Payment processor VeriFone has launched a blistering attack on newcomer Square, claiming Square's hardware opens the way for criminals to skim cards – without noting that such skimming is already commonplace.
So concerned is VeriFone with your security that it has set up a special website explaining what Square is doing wrong, and demanding that the upstart immediately recall all its issued readers. That would obviously drive Square out of business, no doubt to the enormous distress of VeriFone.
Square was set up at the tail end if 2009 by the co-founder of Twitter Jack Dorsey, with the promise of bringing electronic payments to the iPhone - enough buzz words to raise $10m from venture capitalists though it was towards the end of last year the company finally launched with a plastic cube that could be perched on top of an iPhone to read magnetic stripes. Square reckons it's now handling a million dollars a day though those little boxes, though last month it still decided to cut its prices significantly to speed up adoption.
It's the plastic cube that has attracted VeriFone's ire, as it lacks security measures that would prevent a thief reading the credit card number from the phone's memory. But that doesn't necessarily lead to the kind of fraud that VeriFone suggests in their helpful video.
The magnetic stripe on a credit card is just a bit of audio tape; you can read and write them using kit available from a multitude of suppliers, and cheaply too – around 50 quid for a basic reader. VeriFone makes much of the fact that Square is providing the readers free to anyone, but when you can pick up such a thing (and a writer to make copies) so cheaply that's hardly important.
Even if someone copies your card they can't rush out and "buy a big screen TV, online, in your name" as VeriFone suggests they will. To do that, your thief will need the CSC (three digit) code from the back of the card (which isn't on the strip), and a disposable delivery address if he's not to get caught, not to mention the password if you're using a modern credit card.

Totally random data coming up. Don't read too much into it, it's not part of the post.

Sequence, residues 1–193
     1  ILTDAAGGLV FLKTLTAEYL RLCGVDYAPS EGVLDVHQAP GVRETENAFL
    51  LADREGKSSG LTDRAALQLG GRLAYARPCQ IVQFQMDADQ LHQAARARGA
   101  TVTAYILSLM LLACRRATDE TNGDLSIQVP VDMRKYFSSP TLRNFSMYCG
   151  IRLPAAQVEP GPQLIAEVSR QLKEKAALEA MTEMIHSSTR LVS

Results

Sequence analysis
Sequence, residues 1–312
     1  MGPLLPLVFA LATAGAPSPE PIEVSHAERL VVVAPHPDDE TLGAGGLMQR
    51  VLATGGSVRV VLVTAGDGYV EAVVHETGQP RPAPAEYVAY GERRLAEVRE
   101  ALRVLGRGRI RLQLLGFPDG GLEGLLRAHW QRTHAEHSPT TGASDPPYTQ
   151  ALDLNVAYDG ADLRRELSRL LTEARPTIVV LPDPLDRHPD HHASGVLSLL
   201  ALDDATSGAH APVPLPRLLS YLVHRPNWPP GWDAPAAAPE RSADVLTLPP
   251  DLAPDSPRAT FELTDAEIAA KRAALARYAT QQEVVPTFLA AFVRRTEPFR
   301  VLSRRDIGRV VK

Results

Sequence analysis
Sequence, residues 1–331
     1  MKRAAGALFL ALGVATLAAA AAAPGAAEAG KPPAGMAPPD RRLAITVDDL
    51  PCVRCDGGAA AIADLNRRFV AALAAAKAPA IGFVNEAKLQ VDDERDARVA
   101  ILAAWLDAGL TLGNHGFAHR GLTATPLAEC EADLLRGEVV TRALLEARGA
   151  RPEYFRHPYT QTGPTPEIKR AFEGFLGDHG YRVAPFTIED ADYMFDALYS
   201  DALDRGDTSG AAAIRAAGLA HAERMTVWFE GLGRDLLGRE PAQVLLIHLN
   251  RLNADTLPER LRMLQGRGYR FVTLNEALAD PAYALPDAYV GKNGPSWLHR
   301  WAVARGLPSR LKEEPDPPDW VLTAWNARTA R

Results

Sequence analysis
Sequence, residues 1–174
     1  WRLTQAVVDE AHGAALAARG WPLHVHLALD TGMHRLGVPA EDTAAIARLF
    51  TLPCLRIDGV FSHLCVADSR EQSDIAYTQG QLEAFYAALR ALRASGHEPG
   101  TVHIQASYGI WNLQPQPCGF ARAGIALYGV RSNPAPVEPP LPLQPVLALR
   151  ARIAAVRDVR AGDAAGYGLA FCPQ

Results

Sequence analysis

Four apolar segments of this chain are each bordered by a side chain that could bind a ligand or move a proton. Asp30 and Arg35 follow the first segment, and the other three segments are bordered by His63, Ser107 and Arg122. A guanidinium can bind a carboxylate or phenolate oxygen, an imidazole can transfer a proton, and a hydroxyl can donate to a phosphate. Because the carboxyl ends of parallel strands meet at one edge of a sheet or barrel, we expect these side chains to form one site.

It's true that Square has cut corners by neglecting proper encryption. It's difficult to encrypt things in a reader that's only connected to a smartphone over an audio jack – Roam Data manages it, but Roam Data doesn't give away its readers for free (though Intuit will provide one if you sign up to its Square competitor). Encryption on the reader is a good thing, but to suggest that by neglecting it Square is going to trigger the collapse of banking security is going way too far.
Which begs the question of why VeriFone is making such a fuss about the whole thing? Square is giving away something that anyone can buy anyway, no matter how VeriFone's CEO insinuates the idea that Square "has lost complete control of the credit card dongles", and that this is inherently dangerous. The video, and website, is supposed to make us think Square and its founders are recklessly endangering our security, but in fact it makes us think that Square has got VeriFone properly worried about its market. ®